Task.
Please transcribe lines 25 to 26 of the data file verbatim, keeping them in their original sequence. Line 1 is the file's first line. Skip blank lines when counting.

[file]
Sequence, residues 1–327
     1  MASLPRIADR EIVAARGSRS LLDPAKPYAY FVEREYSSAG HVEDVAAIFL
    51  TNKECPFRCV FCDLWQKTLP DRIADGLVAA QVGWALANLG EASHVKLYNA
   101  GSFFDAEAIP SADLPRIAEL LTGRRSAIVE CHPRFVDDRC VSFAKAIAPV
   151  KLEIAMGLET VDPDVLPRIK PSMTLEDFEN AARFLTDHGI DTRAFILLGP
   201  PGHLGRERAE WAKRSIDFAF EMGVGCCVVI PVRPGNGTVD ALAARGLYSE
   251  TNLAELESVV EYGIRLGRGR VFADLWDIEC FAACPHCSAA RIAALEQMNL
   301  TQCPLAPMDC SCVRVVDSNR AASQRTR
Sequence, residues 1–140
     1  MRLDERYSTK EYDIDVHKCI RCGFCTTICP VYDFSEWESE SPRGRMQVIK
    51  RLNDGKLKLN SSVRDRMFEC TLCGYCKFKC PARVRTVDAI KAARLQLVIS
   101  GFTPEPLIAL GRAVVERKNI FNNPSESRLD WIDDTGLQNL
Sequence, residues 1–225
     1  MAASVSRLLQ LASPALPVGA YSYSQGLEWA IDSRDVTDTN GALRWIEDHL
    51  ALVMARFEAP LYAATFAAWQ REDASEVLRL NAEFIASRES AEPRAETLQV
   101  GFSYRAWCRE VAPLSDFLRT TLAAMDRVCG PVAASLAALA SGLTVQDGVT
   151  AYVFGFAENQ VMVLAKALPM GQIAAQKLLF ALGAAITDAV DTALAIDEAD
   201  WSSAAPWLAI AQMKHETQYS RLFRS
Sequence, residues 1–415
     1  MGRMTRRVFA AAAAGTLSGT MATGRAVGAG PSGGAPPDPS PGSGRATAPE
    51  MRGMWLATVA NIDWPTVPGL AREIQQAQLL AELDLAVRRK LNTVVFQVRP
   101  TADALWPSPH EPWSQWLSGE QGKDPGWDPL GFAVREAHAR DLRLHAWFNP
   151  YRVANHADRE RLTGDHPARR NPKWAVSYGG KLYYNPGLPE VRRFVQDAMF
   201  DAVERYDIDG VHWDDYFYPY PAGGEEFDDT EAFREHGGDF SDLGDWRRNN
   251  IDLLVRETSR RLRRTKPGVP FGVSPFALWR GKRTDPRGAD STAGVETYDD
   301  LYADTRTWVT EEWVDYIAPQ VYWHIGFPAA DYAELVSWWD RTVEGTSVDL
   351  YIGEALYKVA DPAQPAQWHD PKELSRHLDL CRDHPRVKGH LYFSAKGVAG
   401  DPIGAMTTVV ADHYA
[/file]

   251  IDLLVRETSR RLRRTKPGVP FGVSPFALWR GKRTDPRGAD STAGVETYDD
   301  LYADTRTWVT EEWVDYIAPQ VYWHIGFPAA DYAELVSWWD RTVEGTSVDL